Cyberchondria: A Dangerous Trend in Self-Diagnosis
The Internet has granted us unprecedented access to information about all sorts of things, including common medical ailments. Earlier this year, Google revealed that roughly 1 percent of all its searches (that’s millions of searches) are symptom-related health inquiries. Sites like WebMD have made it easier than ever for people to self-diagnose ailments before visiting a physician. While it’s great that patients have access to these educational resources, many medical professionals and psychologists are becoming increasingly concerned about the negative consequences self-diagnosis could have on patient health as well.
The term “cyberchondria” was recently coined to describe the worry and anxiety that often accompany self-diagnoses based on online searches. We’ve all been there – searching for flu-like symptoms on WebMD one moment, and worrying that we might have leukemia the next. It can be easy to fear the worst, especially when it comes to our own health. But in reality, these self-diagnoses are rarely accurate.
In addition to instilling unfounded fear and anxiety in patients, cyberchondria can complicate medical treatments as well. When a patient comes to a doctor with a litany of perceived ailments, the doctor might feel obligated to perform risky, invasive diagnostic procedures as a precaution. The more procedures a patient undergoes, the more opportunities there are for things to go wrong. When patients become convinced that they’re suffering from multiple ailments, treatments can become increasingly complex as well. Ultimately, this trend can increase the likelihood of medical errors and constitute a serious liability to patient health.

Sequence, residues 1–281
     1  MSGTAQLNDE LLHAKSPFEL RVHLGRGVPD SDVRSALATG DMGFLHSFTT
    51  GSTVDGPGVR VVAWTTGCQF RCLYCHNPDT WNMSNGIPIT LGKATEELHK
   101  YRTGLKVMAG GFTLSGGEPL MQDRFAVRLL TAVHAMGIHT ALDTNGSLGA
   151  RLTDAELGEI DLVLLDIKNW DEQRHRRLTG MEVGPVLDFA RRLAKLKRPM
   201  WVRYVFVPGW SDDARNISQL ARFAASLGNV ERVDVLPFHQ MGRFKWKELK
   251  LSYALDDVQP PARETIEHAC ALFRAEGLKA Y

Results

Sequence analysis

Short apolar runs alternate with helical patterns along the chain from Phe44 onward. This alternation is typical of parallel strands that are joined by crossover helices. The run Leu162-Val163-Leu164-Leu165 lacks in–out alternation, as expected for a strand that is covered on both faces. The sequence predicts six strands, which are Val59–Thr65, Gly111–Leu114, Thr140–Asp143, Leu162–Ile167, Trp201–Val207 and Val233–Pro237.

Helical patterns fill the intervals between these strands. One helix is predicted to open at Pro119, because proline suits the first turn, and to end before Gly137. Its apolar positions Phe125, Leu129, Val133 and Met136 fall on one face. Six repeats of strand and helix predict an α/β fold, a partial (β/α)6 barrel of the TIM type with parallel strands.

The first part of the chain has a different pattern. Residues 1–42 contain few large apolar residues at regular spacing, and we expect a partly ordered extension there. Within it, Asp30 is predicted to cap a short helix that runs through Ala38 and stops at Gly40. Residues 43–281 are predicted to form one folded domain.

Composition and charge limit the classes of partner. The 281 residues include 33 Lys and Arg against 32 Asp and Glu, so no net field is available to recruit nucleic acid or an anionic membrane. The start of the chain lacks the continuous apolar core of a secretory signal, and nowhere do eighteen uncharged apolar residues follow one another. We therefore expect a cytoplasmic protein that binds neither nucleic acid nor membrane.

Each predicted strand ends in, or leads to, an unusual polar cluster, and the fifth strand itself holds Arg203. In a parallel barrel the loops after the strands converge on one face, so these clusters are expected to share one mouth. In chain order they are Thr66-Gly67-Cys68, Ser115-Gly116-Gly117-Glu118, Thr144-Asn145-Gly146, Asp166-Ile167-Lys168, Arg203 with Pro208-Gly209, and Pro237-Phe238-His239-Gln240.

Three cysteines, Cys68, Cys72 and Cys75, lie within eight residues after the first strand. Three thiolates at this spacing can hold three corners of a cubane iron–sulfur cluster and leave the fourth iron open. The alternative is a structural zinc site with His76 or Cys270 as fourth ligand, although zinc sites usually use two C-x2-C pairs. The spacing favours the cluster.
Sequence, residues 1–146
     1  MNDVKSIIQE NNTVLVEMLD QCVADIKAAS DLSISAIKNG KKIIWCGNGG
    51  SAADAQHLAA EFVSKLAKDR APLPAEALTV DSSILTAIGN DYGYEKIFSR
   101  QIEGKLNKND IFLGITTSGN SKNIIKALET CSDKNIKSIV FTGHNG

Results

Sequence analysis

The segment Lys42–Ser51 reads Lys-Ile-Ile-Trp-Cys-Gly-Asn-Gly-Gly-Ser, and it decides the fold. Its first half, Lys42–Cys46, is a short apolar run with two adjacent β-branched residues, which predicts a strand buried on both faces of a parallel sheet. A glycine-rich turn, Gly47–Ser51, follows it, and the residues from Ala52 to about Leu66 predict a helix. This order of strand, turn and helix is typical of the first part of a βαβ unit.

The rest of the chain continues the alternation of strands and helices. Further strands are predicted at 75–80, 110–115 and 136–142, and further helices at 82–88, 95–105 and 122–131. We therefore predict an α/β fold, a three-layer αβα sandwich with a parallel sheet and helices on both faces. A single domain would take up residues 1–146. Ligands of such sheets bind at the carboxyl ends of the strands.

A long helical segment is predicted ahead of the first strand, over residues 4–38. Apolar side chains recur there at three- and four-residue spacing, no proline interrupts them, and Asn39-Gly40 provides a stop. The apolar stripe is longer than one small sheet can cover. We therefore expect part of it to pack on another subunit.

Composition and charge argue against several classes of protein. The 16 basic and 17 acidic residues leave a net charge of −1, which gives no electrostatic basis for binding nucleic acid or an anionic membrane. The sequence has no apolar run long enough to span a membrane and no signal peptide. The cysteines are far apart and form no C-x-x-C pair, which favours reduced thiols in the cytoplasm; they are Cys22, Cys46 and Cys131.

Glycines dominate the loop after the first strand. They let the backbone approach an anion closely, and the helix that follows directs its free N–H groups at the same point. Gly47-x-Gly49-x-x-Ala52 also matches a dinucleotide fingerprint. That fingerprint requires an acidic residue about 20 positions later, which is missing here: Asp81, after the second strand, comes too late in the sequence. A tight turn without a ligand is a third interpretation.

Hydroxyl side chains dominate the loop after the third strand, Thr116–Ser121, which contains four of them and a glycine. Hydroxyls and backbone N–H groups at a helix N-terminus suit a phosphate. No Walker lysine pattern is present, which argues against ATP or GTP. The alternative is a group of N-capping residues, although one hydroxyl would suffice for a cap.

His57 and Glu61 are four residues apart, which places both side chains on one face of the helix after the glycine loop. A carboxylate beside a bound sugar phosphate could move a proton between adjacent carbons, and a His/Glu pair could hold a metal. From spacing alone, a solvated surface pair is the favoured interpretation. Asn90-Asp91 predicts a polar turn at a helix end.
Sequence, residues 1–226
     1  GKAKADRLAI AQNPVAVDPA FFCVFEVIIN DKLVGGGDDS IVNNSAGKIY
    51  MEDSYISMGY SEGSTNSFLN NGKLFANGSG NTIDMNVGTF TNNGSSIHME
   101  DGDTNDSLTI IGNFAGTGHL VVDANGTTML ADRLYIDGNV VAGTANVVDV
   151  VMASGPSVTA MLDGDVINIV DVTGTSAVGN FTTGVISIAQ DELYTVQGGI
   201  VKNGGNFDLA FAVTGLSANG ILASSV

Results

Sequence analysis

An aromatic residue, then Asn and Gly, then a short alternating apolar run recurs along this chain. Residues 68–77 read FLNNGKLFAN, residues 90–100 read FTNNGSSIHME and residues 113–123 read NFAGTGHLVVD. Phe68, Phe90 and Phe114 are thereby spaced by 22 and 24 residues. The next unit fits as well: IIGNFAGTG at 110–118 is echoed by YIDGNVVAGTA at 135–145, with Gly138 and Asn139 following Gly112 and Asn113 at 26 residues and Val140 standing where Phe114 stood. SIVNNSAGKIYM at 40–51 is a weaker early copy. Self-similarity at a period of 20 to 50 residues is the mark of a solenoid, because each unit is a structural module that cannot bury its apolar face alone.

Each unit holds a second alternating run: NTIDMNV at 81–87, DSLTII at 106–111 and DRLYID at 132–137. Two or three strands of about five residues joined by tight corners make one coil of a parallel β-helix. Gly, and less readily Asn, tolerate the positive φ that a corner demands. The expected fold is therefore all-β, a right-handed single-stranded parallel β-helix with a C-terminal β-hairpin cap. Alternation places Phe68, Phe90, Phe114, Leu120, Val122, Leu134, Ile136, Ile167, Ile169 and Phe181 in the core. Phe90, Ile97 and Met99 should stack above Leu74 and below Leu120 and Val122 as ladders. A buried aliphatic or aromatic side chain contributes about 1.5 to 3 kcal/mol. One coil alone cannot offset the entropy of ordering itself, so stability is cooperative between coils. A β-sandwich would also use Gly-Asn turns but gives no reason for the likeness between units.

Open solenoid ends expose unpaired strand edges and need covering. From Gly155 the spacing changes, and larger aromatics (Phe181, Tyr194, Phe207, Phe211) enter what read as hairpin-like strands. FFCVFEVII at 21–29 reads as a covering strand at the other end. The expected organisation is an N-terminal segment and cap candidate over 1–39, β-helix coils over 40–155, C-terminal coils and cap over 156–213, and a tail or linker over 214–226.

Search engines are valuable resources, but they must be used carefully and intelligently, especially when an inquiry pertains to a person’s health. In the future, legislation may require companies like Google and WebMD to adhere to the same ethical standards as traditional medical journals. For now, however, it’s up to patients to use their own discretion when searching for symptoms online.